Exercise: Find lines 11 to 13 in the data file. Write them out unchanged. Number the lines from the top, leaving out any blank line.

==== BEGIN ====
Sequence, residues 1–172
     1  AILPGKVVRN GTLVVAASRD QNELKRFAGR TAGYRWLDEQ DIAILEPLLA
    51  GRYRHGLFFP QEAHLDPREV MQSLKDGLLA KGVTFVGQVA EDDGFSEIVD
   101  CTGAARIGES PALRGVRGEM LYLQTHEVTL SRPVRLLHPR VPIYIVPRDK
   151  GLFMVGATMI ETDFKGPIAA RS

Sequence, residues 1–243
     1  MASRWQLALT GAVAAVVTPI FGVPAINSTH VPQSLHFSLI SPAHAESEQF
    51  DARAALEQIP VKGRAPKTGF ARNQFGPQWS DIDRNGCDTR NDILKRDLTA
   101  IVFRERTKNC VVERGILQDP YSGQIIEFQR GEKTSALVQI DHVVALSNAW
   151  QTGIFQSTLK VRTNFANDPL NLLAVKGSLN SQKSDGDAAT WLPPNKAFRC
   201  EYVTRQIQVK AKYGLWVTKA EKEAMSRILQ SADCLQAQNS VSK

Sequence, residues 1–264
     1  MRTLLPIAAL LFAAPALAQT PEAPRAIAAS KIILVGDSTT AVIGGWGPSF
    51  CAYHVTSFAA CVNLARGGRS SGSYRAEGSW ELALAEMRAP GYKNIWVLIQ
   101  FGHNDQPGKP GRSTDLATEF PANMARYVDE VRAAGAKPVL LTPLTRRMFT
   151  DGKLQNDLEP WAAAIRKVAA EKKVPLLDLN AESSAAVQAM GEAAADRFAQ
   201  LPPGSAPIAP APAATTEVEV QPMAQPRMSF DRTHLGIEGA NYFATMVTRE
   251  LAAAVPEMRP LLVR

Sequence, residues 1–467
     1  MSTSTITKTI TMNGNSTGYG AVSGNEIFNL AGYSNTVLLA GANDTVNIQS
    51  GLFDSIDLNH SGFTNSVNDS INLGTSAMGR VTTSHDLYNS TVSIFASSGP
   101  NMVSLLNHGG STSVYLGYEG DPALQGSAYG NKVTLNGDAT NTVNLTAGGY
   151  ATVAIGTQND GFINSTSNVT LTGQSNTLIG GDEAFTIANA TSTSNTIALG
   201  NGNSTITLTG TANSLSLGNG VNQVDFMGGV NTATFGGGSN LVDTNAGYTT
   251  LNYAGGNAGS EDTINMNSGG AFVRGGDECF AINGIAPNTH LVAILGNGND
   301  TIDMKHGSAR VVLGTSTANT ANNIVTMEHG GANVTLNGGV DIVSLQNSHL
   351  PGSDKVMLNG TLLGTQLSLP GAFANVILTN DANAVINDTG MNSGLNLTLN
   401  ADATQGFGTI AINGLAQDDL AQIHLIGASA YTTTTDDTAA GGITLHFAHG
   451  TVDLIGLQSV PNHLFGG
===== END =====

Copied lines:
   201  EYVTRQIQVK AKYGLWVTKA EKEAMSRILQ SADCLQAQNS VSK

Sequence, residues 1–264
     1  MRTLLPIAAL LFAAPALAQT PEAPRAIAAS KIILVGDSTT AVIGGWGPSF